Stage 1. Pre-design communication

Whiteboarding! Seriously, sometimes it’s as simple as sketching ideas on a whiteboard with your engineering team in the room and getting their initial feedback and seeing if there are any red flags. If your engineers are remote, then get on Google Hangouts and walk them through your initial research findings and explain what’s important to the users. Talk about features you are going to need and, once again, see if there are any red flags. You’ll be surprised at how fine of a line it is between “sure, this will only take couple of hours” to “we need 5 years and a team of 20 engineers to get this done”. Something like that:

Stage 2. Creating a prototype developers can actually use.

The more interactive your prototype is, the easier it will be for the developers to build it. Invision is the easiest tool to learn, but it doesn’t offer that many interaction options. If you end up using it, make sure to illustrate exactly how interactions will work — most likely you are going to end up creating a whole bunch of static images that will mimic that interaction.

To animate your designs and show complex interactions, you can use this awesome plugin. However, for more simple stuff, you can use Invision’s timed function. Here is an example of how I’ve used it before:

To achieve this result of a pulsating heart, I created two static images and set both of them on timed function, linking to each other:

This is a bit of a hack, but hey, it works and can save you loads of time.

Other awesome prototyping tools:

Stage 3. Design handoff.

Now, this is where things have a tendency to break down the most. Not everything can be explained via visuals, so you are going to have to use other means of communication to fill in the gaps. Long gone are the days where we had to deliver 50-page design spec documents (my god, was that painful!!), and it’s much easier for everybody to keep things in one place. So, if your prototype is in Invision, then you can utilize their comments function to add more details or have conversations with multiple developers if you come across any issues:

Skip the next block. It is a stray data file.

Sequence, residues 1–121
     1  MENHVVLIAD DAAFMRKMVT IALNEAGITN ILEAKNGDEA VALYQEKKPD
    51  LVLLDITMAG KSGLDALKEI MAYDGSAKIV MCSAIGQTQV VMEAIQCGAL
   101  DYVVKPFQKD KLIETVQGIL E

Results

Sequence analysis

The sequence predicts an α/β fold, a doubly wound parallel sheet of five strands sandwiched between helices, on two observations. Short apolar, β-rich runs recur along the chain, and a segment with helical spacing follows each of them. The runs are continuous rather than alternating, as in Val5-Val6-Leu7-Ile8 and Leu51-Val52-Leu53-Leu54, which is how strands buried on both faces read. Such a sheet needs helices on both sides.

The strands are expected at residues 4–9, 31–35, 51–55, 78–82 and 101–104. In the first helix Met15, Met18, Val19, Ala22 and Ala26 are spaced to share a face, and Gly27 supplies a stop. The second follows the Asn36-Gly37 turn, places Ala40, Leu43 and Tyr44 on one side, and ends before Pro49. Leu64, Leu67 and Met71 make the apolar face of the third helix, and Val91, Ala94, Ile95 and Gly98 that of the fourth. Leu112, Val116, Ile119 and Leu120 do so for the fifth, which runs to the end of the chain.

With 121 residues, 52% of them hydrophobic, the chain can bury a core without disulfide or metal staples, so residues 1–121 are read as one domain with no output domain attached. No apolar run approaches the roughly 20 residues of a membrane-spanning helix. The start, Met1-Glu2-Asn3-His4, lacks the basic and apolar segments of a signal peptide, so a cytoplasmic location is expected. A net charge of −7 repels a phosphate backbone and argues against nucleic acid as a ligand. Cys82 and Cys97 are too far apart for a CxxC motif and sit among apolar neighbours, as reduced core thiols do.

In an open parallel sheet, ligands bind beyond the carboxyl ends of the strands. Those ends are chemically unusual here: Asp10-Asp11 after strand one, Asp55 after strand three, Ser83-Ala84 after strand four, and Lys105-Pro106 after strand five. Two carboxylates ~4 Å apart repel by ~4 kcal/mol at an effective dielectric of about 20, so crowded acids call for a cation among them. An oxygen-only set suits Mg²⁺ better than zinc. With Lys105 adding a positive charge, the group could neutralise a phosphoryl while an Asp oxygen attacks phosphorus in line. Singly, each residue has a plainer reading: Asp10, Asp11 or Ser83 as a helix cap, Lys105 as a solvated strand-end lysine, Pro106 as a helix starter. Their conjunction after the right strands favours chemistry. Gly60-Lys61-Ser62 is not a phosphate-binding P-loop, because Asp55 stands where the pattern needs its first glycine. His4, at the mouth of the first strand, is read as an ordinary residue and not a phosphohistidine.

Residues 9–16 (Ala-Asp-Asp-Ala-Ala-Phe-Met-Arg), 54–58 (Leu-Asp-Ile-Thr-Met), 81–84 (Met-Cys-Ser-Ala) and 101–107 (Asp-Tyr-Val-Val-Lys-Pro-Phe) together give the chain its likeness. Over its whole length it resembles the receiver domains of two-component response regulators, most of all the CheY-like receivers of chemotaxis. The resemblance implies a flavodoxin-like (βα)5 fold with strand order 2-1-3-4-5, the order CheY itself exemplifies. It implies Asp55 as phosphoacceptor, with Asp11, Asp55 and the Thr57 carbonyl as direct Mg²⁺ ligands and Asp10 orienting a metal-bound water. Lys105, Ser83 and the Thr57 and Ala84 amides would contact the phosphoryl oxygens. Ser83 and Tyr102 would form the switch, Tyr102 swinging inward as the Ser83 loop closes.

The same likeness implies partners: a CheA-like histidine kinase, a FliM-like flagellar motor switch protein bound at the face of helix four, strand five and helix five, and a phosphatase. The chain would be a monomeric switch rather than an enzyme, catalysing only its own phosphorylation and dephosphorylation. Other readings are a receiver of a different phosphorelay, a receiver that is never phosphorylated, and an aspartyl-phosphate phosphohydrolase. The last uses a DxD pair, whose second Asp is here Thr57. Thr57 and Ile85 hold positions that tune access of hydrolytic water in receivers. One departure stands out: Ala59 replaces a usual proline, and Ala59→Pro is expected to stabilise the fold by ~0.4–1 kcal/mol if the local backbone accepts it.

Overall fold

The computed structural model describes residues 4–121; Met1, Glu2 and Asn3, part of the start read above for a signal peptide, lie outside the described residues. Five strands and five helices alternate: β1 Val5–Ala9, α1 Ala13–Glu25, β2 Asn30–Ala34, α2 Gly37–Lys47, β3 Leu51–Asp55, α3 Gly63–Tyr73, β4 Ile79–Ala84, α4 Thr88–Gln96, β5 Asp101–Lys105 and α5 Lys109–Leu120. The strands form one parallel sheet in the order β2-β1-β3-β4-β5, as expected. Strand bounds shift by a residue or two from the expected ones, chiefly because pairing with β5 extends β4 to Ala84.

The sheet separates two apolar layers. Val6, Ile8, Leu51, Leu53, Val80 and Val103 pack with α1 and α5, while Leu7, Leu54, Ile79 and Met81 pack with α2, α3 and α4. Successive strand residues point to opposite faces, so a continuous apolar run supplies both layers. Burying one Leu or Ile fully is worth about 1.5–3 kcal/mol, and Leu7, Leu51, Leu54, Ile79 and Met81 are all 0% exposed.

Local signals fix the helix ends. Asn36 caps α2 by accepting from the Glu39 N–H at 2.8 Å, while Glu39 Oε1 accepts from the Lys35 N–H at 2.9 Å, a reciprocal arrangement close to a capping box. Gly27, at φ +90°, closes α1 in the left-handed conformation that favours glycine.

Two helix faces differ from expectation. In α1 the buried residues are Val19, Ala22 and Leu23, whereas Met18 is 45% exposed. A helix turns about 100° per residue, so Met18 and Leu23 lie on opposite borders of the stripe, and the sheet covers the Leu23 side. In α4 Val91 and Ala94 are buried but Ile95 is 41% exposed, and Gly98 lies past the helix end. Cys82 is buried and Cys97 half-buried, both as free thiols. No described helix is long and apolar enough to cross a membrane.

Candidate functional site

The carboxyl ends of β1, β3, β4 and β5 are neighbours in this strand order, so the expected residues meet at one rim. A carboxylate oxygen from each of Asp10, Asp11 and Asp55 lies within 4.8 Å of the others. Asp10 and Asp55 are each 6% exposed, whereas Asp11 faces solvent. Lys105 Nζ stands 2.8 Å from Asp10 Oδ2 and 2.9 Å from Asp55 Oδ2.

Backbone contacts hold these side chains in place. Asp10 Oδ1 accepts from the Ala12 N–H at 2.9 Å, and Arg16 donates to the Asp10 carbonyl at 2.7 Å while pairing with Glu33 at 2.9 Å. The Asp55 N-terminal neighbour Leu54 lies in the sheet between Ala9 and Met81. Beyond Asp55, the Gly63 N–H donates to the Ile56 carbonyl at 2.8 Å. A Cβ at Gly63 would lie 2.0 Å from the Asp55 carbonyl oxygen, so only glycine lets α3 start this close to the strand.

Not every developer is familiar with design tools (though I strongly believe that they should know their way around Sketch & Photoshop), so here are useful tools that come to rescue that allow developers to know exactly what hex code to use without you having to specify those in your comments. Personally, I’m grateful to Invision for finally releasing Inspect, since this allows me to use the same tool for entire design process. However, there is also Zeplin that works equally well.

UI, Branding & Content Writing

I left this part until the end, because these skills are almost implied when it comes to product design. While it’s great that we are finally creating UX research — specific jobs, when it comes to product design, good visual designs skills are a must. Bonus if you can write and preserve product’s tone and voice (though good companies will most certainly have content writers who can establish content guidelines).

As a wrap up I want to say that every product is different. And every company is different. And this landscape is definitely going to change in this coming year. What’s important is that these skills are transferable, useful and will make you a far better designer.

As always, comments & feedback is much appreciated! Share your view in the comments or contact me directly via Twitter.

Karina Daukaeva

Design. Data. Culture.

Karina Daukaeva

Written by

UX / UI / Product / E-commerce / MVT Testing / Culture transformation / Coaching. Currently UX Director at autoTrader.ca. Co-founder of Hyperminds.io.

Karina Daukaeva

My name is Karina Daukaeva, I specialize and write about three areas: design, data, culture. The common denominator is transformation; under my guidance businesses become user-centric, design teams transform to be data-driven, and the teams I lead evolve their underlying culture.

Karina Daukaeva

Written by

UX / UI / Product / E-commerce / MVT Testing / Culture transformation / Coaching. Currently UX Director at autoTrader.ca. Co-founder of Hyperminds.io.

Karina Daukaeva

My name is Karina Daukaeva, I specialize and write about three areas: design, data, culture. The common denominator is transformation; under my guidance businesses become user-centric, design teams transform to be data-driven, and the teams I lead evolve their underlying culture.